Connie Lane: Linear Amplitude
closed March 29
Michael Stearns Studio at the Loft, San Pedro
Written by Genie Davis
Connie Lane’s Linear Amplitude, which showed at Michael Stearns Studio at the Loft in San Pedro, is a haunting and ephemeral work. The artist evokes her own contemplative thoughts on belonging, memory, and being, as she summons up the past and its relationship to the present. The work is both meditative and ghostly, a stand-alone exhibition that is also inextricably linked to the performance piece Lane performed at the gallery on March 23rd.
Originally from Hong Kong, Lane’s performance is both an outgrowth and beautiful come-to-life moment for the exhibition. Clad in hooded garments constructed of paper sewing patterns that reflect and evoke the suspended artwork itself, a group of performers solemnly moved to the Loft building loading dock, where a portable fire pit glowed. There they burned Joss paper, with traditional golden foil in its center. The papers represent wealth or money, also called spirit money.
Titled Virtue of Respect, the performers in the piece were Andrea Serna, Ro Wenner, Sheila Lynch, Betsey Hall, Vicki Waller, Daal Praderas, Patricia Hyde, Connie Lane, and Michael Stearns. The performance was a heart-opening work that focused on paying respect and honoring the deceased, according to Lane. Along with the solemn processional to the fire, the performers also knelt in the gallery on cushions, clapping hands and bowing, and holding wooden blocks inscribed with wordings meant for the deceased as a way to pay respect to them. At the loading dock, the performers stood, folded the paper, bowed, and burned it.
“It is about paying respect, and honoring the deceased, and it does tie into my work in the installation,” Lane relates.
Both performance and art, Lane says were “borrowed from the idea of Chinese memorial services. I created this installation in memory of my mother. I missed her memorial service when I was here in the U.S, due to a visa problem. This installation and performance is my special tribute to her.”
The deep emotion behind both the visual and performance art creates a palpable presence.
According to Lane, “Through imagination, I have created work about Chinese memorial services based on my experience when I lived in Hong Kong. The center wall piece, an abstract sculptural image, references my mother wearing her favorite blouse with a Chinese frog closure. The anthropomorphic forms on each side of the wall references family members kneeling and bowing to her presence. The hanging clothing-forms references a crowd.”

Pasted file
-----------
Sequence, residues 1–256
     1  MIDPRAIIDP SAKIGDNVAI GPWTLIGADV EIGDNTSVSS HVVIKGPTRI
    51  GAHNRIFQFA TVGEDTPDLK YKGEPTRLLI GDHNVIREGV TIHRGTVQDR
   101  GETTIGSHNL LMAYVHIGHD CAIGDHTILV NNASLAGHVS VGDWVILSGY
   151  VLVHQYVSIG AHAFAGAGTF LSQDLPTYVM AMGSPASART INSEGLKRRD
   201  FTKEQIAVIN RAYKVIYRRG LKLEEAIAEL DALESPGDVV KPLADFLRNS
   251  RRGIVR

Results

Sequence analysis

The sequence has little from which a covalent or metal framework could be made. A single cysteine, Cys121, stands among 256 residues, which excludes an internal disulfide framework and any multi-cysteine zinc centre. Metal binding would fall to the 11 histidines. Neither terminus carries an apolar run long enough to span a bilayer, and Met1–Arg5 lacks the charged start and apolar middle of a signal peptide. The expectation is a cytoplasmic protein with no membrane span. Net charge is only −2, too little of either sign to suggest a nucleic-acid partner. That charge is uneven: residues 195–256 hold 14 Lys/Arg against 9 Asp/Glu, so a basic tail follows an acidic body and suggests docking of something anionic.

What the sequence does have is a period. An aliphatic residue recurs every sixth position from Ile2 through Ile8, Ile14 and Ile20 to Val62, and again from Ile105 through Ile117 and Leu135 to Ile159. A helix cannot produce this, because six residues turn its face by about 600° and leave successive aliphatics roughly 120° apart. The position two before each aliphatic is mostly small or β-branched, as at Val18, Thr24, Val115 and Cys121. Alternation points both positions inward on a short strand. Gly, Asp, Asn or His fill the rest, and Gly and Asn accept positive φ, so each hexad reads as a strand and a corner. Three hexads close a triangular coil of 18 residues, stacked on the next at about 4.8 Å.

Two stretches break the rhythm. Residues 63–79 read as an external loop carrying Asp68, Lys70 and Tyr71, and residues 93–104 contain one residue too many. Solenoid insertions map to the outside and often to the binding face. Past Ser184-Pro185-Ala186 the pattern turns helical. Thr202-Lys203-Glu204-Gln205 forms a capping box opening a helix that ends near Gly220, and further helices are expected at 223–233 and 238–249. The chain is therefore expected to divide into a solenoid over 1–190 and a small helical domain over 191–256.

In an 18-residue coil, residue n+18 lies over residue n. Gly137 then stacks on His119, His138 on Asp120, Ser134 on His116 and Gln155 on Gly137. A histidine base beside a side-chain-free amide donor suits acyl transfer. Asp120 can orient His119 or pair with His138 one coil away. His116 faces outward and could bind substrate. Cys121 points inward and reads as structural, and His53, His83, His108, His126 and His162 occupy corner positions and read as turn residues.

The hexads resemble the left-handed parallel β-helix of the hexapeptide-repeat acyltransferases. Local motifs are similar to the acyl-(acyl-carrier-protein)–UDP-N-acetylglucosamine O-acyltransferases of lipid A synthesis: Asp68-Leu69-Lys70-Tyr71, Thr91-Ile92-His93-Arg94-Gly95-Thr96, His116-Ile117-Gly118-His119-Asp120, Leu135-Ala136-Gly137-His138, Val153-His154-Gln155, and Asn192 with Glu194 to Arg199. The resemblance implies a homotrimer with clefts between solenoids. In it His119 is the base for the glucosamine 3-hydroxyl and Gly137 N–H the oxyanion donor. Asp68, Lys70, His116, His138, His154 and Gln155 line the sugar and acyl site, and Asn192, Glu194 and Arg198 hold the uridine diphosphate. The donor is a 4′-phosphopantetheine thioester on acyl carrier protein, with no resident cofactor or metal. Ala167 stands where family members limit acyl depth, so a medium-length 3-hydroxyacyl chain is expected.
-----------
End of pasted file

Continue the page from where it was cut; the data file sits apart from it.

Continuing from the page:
The main medium of the installation is paper, including joss paper, bamboo paper, Japanese Kozo paper, crochet threads, sewing patterns, pins, and paint. Lane used stitching, dripping paint, and folding construction to create the exhibition.
“Traditionally in Chinese culture, joss paper folded in shape of an ingot, together with other paper items, like garments or daily appliances, are burned for the deceased to use, spend and wear in the afterlife,” she notes.
Lane says that her work at The Loft bears similarity to other installations she has created, and that with this and other projects such as Remembering, Bravura, and Living Cubicle, her focus is on evoking past memories while using materials inherent to Chinese culture. Each of these works also involves an interactive component with a viewing audience and the involvement of others in a performance of some type. And, she says the latest work also continues to explore the “abstracted anatomical essence of clothing forms, using materials like latex rubber, paper and mixed media.”
She describes Linear Amplitude as a deeply personal work, in which the installation came to her first, and evolved to include the concept of performance. “It has taken me years of thought and courage to use performance in my work. Through the performance, I want to introduce and share with the audience an aspect of Chinese culture, the ritual ceremony of honoring the deceased in a hope to make a connection with them emotionally and physically.”
The soft color woven within the paper used for the installation creates a dream-like quality, a sensation that was heightened with the performance, so that the hanging works seemed almost to come alive themselves. Visitors seem called upon to pay attention to the details, the textures of the papers, as they pass within the rustling forest of the work – a work of spirits, ghosts, and memories.
The spiritual quality of the exhibition is heightened by the shadows and light that shift within the gallery by day, bringing a sense of underwater – or underworld – shadows into the light. Viewing the work is an immersive experience, and Lane describes the installation as designed to “stimulate sensory perception with audience participation.”
The title itself speaks of the immersiveness: linear – a line, with amplitude magnifying that line, or in Lane’s case, magnifying her lineage, heritage, past, and it’s through-line to the future.